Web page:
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Session 2007 - 08
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General Committee Debates
Health and Social Care

Health and Social Care Bill

The Committee consisted of the following Members:

Chairmen: Derek Conway, † Mr. Jim Hood
Bradshaw, Mr. Ben (Minister of State, Department of Health )
Browning, Angela (Tiverton and Honiton) (Con)
Burden, Richard (Birmingham, Northfield) (Lab)
Cooper, Rosie (West Lancashire) (Lab)
Crabb, Mr. Stephen (Preseli Pembrokeshire) (Con)
Gidley, Sandra (Romsey) (LD)
Hesford, Stephen (Wirral, West) (Lab)
Hopkins, Kelvin (Luton, North) (Lab)
Jenkins, Mr. Brian (Tamworth) (Lab)
Kumar, Dr. Ashok (Middlesbrough, South and East Cleveland) (Lab)
McCabe, Steve (Lord Commissioner of Her Majesty's Treasury)
Mallaber, Judy (Amber Valley) (Lab)
Milton, Anne (Guildford) (Con)
Moffatt, Laura (Crawley) (Lab)
Mulholland, Greg (Leeds, North-West) (LD)
O'Brien, Mr. Stephen (Eddisbury) (Con)
Wright, Jeremy (Rugby and Kenilworth) (Con)
John Benger, Celia Blacklock, Committee Clerks
† attended the Committee

Public Bill Committee

Thursday 17 January 2008


[Mr. Jim Hood in the Chair]

Health and Social Care Bill

Clause 35

Bodies required to be notified of certain matters
1 pm
Greg Mulholland (Leeds, North-West) (LD): I beg to move amendment No. 233, in clause 35, page 17, line 38, at end insert—
‘(ba) to the relevant professional regulatory body’.
We are making reasonable progress, but I will try to be brief because we are all keen to get as far as possible next week. Amendment No. 27 introduced an important point of principle, but amendment No. 233 raises an important point of practicality. I hope that the Minister will not use the same arguments against the amendment, unless, of course, he decides to accept it, because it is not about being prescriptive—an issue on which he has commented on various occasions.
The amendment is important in a practical way for two reasons. In layman’s terms—an always useful method of explaining the impact of a Bill—one major effect would be a new, clearer regulatory system for health and social care, with some redefined and refocused responsibilities. Clearly, an important part of that is professional regulatory bodies, most of which support the new and refocused role that they will have. If we are to have a new, joined-up framework, which makes sense for the reasons stated earlier, surely we must include the professional regulatory bodies when a commission issues a notice—be that a notice of decisions or proposals, a warning notice or a notice of procedure for suspension. I appreciate the Minister’s comments about not wanting to be prescriptive, but professional regulatory bodies should be among the organisations that must be informed of such notices if this is to be a genuinely joined-up and effective system. We all know from other areas—from the Shipman case—that when we do not have properly joined-up systems and effective sharing of information, that can lead to issues and problems.
The second reason concerns a potential loophole that I would like the Minister’s views on. Is there not a danger that when an individual who has been issued with a suspension notice moves to a different area, they could slip through the net if the professional regulatory body with an important role in that area is not involved?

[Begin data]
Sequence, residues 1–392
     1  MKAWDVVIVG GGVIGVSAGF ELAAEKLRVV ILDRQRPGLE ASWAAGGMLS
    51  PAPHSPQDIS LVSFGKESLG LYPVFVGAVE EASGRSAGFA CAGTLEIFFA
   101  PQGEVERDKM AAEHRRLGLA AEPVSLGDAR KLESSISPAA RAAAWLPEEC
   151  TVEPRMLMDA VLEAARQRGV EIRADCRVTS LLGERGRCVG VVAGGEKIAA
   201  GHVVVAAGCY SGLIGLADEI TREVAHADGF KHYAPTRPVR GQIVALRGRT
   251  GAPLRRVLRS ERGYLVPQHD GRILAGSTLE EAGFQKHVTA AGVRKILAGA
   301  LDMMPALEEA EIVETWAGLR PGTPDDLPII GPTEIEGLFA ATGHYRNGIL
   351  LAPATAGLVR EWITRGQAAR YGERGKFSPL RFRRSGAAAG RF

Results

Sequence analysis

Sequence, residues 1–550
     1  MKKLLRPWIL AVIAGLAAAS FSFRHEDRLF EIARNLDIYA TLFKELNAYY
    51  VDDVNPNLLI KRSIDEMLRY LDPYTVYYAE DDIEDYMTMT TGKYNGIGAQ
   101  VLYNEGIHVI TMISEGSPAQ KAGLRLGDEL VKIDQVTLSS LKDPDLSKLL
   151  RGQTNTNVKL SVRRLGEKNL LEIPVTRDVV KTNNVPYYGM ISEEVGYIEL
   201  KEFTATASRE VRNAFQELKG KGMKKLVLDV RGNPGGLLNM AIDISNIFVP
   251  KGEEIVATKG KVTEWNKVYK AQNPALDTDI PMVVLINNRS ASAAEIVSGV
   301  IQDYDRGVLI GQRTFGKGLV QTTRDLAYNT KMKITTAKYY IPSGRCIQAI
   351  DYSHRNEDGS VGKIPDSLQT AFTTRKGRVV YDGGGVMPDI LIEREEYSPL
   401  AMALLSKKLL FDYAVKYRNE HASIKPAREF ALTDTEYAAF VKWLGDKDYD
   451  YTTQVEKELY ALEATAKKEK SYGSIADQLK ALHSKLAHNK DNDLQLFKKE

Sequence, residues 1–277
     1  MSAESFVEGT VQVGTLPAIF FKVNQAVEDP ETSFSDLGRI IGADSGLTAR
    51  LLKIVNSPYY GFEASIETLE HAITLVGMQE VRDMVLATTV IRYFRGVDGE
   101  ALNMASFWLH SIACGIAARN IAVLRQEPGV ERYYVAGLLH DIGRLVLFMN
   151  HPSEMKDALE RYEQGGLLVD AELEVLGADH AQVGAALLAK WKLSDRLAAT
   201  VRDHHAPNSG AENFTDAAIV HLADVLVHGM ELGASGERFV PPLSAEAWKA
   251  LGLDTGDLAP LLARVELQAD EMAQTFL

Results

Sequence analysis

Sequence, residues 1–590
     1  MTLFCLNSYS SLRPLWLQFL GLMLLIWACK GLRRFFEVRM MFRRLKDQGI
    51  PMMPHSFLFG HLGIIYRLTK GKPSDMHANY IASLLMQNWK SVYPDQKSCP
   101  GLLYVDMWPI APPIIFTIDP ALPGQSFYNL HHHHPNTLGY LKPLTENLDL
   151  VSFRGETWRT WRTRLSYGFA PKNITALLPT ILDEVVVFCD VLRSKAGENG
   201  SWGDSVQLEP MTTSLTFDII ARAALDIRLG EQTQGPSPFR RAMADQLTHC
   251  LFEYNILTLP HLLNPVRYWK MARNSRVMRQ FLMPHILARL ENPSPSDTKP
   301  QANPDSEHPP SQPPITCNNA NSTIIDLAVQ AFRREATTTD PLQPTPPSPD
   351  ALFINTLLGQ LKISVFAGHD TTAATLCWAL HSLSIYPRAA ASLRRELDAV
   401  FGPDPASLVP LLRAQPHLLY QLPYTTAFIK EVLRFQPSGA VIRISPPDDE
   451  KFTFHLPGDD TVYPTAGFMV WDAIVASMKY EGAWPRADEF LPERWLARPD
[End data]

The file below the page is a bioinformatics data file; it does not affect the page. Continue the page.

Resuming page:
The Chairman: Order. I remind the hon. Lady that this is an intervention.
Greg Mulholland: My hon. Friend makes a useful point demonstrating a potential practical example, which is what I am trying to get across. I hope that the Minister understands that practical point and the need for a properly joined-up framework. We would be delighted if he accepted the amendment. One could say that it is absolutely belt and braces, but given that there are still concerns about the regulatory framework for health and for social care, as the Minister has acknowledged, surely it would make sense to include the professional regulatory organisations in this part of the Bill. I look forward to the Minister’s comments.
Mr. Stephen O'Brien (Eddisbury) (Con): I consider the proposal perfectly sensible and I look forward to the Minister’s reply.
The Minister of State, Department of Health (Mr. Ben Bradshaw): The reason why we must resist the amendment is not that it is prescriptive; rather, it is a question of degree. As members of the Committee will have noticed, the commission is required to give notice of action to any people whom it considers appropriate. We would expect that in most circumstances, that would include the relevant regulatory body, but we believe that it is better for that to depend on the particular circumstances, rather than there being a blanket requirement. For example, if a registered manager had received a warning notice for a minor breach that had then been properly corrected, the commission might consider it appropriate, or disproportionate, to have to inform the manager’s regulatory body.
Sandra Gidley: I take the Minister’s point about a minor breach about which it may not seem necessary to inform the regulatory body. However, there are cases where a series of minor breaches might flag up a problem, and surely the professional regulatory body is the ideal place to collate that information. People do not know where to complain when there is a problem. Shipman was a classic example—there were different areas in which concerns had been raised. There needs to be some way of bringing that information together in one place.